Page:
Not that all the hockey players were distant and cold — far from — but it felt like fan interaction was definitely missing, which I’m convinced might be part of the reason for the basketball popularity we’re seeing.

Those same fans are seeing the Edge players signing autographs for the kids and mingling about after every game, win or lose, and people take to such things.

They see these ball players smiling, unlike the hockey crowd, who walked around looking constipated.

The obvious dynamics of a rink, of course, would make it almost impossible to allow the hockey players to meet and greet post-game as the ballers are so quick to embrace, but I guess the feeling I get is I’m not so certain the hockey guys would even want to endure that aggravation.

So maybe it’s no coincidence local sports fans have taken a shine to these outgoing, personable basketball players.

Maybe it’s no coincidence the NBL Canada has taken off in so St. John’s, more so than anyone could have ever imagined.

NBL Canada's Attendance figures up to and including Feb. 4 (per game average):

London Lightning, 3,771

St. John’s Edge, 3,370

Niagara River Lions, 1,883

Island (P.E.I.) Storm, 1,665

Saint John Rip Tide, 1,599

Halifax Hurricanes, 1,537

Cape Breton Highlanders, 1,369

Kitchener-Waterloo Titans, 1,200

Windsor Express, 943

Moncton Magic, 914


Did we mention Daniel Cleary averaged a point per game as a 15/16-year-old in junior A Kingston (46 points in 43 games) before heading off to major junior hockey in Belleville? And that Alex Newhook is tearing it up in junior A Victoria as a 16/17-year-old? Mark it down: Newhook will be a high pick in the 2019 NHL Draft … Nine of the 10 teams in the NBL Canada share their building with major junior hockey teams (the 10th being St. John’s). Why are some people getting so bent out of shape with the suggestion the ECHL share Mile One Centre with the Edge? … Hats off to Mount Pearl’s O’Donel High School for putting two teams in the Confederation Cup high school tournament. Nothing wrong with giving more kids a game of hockey. That said, surprised other, larger schools didn’t follow suit. Guess some the coaches and athletic directors didn’t want the hassle … There’s a bit of a St. John’s connection with the Clarkson University NCAA men’s hockey team. Its goalie is Jake Kielly of Ajax, Ont., who is the son of Dave Kielly of St. John’s and Susan Cole of Torbay. Kielly moved to Minnesota at a young age with his parents, when his father was transferred there with Best Buy. He has been with Clarkson since 2016. Dave Kielly played St. John’s junior and senior baseball with Holy Cross and the Guards … Look for a reborn Avalon East league next season with the Clarenville Caribous, Conception Bay CeeBees, Northeast Eagles and Mount Pearl Blades. And don’t be shocked if the Southern Shore Breakers aren’t part of it, either. As a guy said on TV the other day, “I’m not sayin’ it’s true. I’m just sayin’ that’s what I’m hearin’!” … He probably won’t win, because he’s in the background too much, but my vote for executive of the year is George Bursell, who has a big hand in keeping the St. John’s Junior Hockey League going. While senior hockey is a mess year in, year out, the junior league keeps an even keel with little or no fanfare. Too bad, because it’s one of Newfoundland and Labrador’s hockey success stories … And one more thing I’m hearin’: Hockey Newfoundland and Labrador — or, more to the point, the St. John’s junior league — might be pulling out of Don Johnson Cup Atlantic junior B play …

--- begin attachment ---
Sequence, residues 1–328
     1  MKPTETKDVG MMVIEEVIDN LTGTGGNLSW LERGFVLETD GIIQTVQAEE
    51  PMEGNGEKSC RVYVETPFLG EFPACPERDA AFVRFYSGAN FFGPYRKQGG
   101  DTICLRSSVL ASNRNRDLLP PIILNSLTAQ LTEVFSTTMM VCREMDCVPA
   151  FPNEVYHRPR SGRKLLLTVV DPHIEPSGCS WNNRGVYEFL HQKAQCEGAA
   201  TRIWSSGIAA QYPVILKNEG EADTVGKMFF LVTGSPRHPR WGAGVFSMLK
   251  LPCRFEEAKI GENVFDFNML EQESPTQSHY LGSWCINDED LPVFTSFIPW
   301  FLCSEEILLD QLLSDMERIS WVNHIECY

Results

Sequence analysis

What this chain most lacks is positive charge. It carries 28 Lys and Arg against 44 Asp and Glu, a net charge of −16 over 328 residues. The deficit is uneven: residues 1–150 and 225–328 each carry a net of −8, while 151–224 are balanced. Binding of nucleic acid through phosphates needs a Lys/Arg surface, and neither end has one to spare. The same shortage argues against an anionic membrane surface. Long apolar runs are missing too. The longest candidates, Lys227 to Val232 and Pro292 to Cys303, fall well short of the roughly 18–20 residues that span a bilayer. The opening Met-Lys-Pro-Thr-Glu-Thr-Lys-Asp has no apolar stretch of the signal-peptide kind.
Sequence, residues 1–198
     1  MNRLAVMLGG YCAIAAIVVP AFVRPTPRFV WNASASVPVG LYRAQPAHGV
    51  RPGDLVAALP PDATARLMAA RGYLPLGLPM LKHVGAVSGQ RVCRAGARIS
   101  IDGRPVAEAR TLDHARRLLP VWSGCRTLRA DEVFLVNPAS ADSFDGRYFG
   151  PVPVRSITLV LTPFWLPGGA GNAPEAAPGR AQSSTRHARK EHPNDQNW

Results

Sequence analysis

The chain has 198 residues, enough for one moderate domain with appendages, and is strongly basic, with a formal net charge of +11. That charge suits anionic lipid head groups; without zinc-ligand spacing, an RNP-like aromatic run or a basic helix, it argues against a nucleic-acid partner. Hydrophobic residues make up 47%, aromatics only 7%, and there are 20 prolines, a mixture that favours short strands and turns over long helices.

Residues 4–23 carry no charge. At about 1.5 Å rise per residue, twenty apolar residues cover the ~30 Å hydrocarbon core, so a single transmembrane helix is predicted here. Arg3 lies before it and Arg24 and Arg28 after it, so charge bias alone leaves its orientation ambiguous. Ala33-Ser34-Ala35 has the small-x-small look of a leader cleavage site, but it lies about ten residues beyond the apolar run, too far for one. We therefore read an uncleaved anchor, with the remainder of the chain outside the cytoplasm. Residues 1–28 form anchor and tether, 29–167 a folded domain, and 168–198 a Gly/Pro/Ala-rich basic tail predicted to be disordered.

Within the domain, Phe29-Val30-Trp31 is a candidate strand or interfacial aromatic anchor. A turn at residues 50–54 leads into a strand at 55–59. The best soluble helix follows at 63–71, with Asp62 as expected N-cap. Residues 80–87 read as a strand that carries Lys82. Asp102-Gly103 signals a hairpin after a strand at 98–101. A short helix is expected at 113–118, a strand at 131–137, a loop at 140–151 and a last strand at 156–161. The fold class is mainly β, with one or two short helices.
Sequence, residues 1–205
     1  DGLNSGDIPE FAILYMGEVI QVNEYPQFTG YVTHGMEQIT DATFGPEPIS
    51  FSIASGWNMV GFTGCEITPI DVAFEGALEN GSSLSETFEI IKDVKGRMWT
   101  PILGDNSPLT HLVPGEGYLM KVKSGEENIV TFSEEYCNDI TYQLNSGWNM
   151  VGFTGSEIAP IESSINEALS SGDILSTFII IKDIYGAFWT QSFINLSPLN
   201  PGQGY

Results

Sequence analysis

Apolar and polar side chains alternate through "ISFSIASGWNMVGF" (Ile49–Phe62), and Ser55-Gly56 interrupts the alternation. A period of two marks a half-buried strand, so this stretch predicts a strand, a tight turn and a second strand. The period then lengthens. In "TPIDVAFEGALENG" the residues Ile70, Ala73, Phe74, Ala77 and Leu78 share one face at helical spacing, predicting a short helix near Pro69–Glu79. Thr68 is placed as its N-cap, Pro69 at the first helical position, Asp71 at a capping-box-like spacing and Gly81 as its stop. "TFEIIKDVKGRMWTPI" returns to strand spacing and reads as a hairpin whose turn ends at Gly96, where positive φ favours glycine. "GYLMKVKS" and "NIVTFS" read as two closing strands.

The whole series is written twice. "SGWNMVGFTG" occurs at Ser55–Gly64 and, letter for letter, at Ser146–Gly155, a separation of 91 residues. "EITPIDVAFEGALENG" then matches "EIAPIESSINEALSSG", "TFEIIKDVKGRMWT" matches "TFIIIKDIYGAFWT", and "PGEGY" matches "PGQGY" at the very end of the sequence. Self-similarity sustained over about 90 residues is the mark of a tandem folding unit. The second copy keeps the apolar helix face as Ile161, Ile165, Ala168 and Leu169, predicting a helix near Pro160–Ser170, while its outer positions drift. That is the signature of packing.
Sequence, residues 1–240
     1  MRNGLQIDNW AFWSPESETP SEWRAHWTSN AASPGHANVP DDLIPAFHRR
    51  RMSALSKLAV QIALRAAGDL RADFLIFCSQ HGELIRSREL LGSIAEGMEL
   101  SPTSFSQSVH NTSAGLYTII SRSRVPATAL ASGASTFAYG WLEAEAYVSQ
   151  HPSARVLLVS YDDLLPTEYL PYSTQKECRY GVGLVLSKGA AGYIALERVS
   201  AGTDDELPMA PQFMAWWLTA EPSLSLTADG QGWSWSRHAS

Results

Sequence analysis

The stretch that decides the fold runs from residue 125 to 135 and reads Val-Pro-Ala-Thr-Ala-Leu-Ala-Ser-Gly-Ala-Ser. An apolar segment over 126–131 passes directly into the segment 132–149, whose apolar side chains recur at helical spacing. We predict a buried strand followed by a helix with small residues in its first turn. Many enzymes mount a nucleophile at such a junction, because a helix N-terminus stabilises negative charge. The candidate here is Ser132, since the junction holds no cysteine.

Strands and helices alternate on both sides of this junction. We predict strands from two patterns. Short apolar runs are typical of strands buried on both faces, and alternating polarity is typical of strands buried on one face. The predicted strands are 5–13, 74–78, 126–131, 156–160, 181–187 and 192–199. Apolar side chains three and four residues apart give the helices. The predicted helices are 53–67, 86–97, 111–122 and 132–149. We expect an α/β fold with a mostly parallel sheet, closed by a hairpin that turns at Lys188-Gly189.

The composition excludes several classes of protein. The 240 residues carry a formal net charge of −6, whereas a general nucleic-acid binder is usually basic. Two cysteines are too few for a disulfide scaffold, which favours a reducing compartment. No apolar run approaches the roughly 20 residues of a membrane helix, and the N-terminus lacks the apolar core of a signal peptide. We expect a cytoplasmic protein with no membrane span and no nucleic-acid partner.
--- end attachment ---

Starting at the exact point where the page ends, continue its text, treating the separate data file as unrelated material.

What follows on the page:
Robin Short is The Telegram’s Sports Editor. He can be reached by email Follow him on Twitter @TelyRobinShort